The Chinese Government Is Flooding Towns on Purpose and Here’s Why
China has recently experienced nationwide heatwaves, record-breaking temperatures, and typhoons that flooded its shores.
But specifically, the country’s response to Typhoon Doksuri, which hit China in July, has caused the most damage as well as the most controversy.
Everything You Need to Know About Typhoon Doksuri
Known as a super typhoon, Doksuri was an obscenely powerful and destructive tropical cyclone that hit the shores of China, the Philippines, Taiwan, and Vietnam on July 19, 2023.
The aftermath lasted for ten days until it finally dissipated on July 29th. During that time, the typhoon caused extreme flooding that affected millions of people, killed 137, and injured 285. The super typhoon caused a whopping $15.6 billion in damages, the second costliest typhoon in history.
How Typhoon Doksuri Affected Beijing
China’s capital city Beijing was in the line of fire, and even as the storm passed, the city continued to receive an immense amount of rainfall, so much that the entire city could have flooded.
So in order to protect the city and its 22 million residents, China decided to employ its “flood control network.”
What is China’s “Flood Control Network?”
Essentially, China has a plan in place to divert flood water away from Beijing in case of emergencies such as this one.
However, while protecting the capital and the millions of people who live there may seem like a good idea, that water has to go somewhere, and where it goes causes extreme damage as well.
Where Does the Water Go?
China’s connected dams, waterways, and reservoirs move the excess water away from the city and into neighboring regions, including Bazhou and Zhouzhou.
These rural areas are much more sparsely populated, housing only 1 million people per town, so China argues that they are less important than the capital of Beijing.
The “Pecking Order”
In fact, that’s exactly what Chinese engineer Wang Weiluo told the media when he explained the situation.
He said, “China’s flood control network has a pecking order of protection giving priority to big important cities like Beijing, Tianjin and Shanghai, with the lowest order of importance being rural areas.”
Those Who Live in Rural Areas Are Not Pleased With the Plan
Obviously, those several million people who live in Bazhou, Zhouzhou, and other rural areas around Beijing are not happy with the government’s decision to flood their homes and farms in order to protect the capital.
They had still experienced significant rainfall during and after the typhoon, and this influx of water left them without drinking water or power for days.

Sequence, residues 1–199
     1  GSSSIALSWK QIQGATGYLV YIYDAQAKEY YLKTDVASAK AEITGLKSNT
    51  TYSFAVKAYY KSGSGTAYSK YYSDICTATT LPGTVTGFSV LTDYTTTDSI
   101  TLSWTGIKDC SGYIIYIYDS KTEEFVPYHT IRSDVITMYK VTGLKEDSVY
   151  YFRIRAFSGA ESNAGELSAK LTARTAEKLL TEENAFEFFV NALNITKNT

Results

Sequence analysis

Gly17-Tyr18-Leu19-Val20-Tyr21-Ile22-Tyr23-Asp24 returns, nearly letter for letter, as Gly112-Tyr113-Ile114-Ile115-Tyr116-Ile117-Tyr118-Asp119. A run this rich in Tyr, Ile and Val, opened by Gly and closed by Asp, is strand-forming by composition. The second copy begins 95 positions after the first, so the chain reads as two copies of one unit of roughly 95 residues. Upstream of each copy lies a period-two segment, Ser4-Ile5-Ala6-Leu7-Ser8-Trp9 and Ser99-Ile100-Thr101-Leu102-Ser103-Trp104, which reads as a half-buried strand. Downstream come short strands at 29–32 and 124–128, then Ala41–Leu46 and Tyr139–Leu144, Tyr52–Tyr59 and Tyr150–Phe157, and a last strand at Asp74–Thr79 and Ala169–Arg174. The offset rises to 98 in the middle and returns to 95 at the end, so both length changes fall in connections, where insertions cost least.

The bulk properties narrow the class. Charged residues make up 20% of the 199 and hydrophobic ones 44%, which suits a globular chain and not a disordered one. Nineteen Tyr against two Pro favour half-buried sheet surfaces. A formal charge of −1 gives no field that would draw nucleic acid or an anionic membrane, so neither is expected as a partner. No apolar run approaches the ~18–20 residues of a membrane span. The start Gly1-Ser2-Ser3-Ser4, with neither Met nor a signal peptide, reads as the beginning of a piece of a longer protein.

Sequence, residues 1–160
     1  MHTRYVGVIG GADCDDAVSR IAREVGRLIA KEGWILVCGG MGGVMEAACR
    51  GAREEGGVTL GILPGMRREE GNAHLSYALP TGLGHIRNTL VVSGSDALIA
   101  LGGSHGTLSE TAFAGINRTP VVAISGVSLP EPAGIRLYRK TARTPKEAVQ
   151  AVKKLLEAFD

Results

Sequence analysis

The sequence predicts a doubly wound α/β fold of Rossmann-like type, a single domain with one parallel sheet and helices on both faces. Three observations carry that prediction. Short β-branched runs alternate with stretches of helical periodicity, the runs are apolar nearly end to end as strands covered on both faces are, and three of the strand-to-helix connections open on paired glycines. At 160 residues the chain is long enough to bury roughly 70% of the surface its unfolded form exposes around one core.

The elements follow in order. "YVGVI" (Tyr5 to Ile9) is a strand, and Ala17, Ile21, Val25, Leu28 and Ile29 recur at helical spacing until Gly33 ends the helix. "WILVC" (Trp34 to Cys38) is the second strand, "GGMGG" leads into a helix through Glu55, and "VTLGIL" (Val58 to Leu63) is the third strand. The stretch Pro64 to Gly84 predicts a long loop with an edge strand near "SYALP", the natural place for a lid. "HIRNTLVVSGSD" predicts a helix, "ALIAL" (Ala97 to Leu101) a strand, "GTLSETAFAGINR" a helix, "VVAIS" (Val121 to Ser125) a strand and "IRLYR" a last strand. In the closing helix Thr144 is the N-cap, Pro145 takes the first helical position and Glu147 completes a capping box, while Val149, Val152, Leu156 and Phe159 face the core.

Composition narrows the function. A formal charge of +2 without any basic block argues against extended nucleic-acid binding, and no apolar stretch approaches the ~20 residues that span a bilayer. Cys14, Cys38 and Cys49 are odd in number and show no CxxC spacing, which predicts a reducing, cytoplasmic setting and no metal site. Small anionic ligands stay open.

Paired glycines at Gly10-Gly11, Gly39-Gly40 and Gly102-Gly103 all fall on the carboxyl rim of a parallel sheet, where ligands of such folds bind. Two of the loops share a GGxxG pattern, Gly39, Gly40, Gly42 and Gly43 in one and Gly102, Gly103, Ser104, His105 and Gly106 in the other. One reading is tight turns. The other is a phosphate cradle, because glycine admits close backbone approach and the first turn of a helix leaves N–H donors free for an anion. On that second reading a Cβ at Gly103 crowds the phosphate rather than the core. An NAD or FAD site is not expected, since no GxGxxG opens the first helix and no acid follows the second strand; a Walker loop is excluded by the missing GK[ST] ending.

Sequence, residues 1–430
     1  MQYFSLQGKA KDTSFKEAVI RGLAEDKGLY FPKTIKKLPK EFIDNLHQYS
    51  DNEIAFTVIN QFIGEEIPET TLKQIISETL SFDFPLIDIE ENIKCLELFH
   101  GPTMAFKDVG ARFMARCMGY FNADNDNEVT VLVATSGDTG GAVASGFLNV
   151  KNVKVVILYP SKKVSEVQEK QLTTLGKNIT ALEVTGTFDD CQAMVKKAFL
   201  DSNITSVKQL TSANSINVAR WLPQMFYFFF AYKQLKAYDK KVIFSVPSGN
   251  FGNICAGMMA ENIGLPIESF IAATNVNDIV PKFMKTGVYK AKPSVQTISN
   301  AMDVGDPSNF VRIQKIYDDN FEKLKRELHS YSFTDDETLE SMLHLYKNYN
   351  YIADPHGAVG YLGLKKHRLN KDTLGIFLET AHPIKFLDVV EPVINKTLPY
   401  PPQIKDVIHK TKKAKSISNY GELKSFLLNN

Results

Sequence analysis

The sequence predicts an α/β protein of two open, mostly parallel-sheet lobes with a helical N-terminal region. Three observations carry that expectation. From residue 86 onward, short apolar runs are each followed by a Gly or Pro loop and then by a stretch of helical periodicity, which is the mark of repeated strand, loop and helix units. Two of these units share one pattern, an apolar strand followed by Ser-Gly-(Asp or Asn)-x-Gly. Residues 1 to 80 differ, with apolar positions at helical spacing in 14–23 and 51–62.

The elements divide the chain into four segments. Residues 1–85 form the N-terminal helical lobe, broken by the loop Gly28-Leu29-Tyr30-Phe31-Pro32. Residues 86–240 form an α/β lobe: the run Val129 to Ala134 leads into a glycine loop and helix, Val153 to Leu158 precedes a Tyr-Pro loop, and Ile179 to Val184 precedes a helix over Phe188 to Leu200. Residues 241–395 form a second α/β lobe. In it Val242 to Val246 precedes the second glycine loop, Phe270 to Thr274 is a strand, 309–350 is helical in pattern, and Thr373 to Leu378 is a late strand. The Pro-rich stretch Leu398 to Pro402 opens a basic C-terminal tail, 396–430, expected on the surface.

The Lack of Warning Made Everything Worse
In addition to the seemingly complete disregard for their lives and homes, the residents of these smaller towns were extremely disappointed in the minimal warning they received from their government.
Sources from the area who spoke to the press stated that they were not told to evacuate until it was too late. Many homes, farms, and businesses have been completely destroyed, as well as the personal struggles and dangers this flooding posed.
Residents Didn’t Even Know About the Planned “Flood Control Network”
What’s additionally frustrating for those living in these rural neighborhoods is that they didn’t even know their government had plans to use their land as a “flood storage area.”
This is something that they should certainly have been made aware of before purchasing land, building homes, or opening businesses there.
The Extreme Weather in China Is Almost Certainly Being Caused by Climate Change
While the Chinese government sees no issue in its “flood control network” plan, they do realize that the extreme weather they’ve been experiencing is a real problem for its citizens.
As well as the terrifying Typhoon Doksuri, China has also broken its own record for high temperatures in July, with Beijing experiencing several 104-degree days.
How the Hot Weather Increases the Chances of Flooding
And the extremely hot weather is concerning not just for the heat, but for what the rising air temperatures do to the Earth’s oceans.
The National Centre for Atmospheric Science (NCAS) reported, “Warmer temperatures provide favorable conditions for typhoons to become more hazardous, as the higher humidity in warmer air and the warmer sea surface temperatures could lead to stronger tropical storms.” Which of course, leads directly to flooding and destruction.
China Is Working to Diminish the Negative Effects of Climate Change
In order to protect its citizens and the world at large, China is working toward diminishing its negative effects on the planet and climate change by decreasing carbon intensity and fossil fuels and increasing wind and solar energy by 2030.
However, most experts agree that at this point, no one can make enough changes to completely reverse what has been done to the planet, and these high temperatures, typhoons, and extreme floods aren’t going anywhere.